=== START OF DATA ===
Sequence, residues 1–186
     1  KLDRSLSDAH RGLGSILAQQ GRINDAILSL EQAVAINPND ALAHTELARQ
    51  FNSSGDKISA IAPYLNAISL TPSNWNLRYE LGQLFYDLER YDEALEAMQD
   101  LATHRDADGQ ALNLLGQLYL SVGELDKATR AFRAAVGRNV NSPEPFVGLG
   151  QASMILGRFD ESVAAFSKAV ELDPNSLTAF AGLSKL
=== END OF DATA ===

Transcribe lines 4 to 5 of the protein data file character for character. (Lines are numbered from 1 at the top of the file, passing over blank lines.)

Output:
   101  LATHRDADGQ ALNLLGQLYL SVGELDKATR AFRAAVGRNV NSPEPFVGLG
   151  QASMILGRFD ESVAAFSKAV ELDPNSLTAF AGLSKL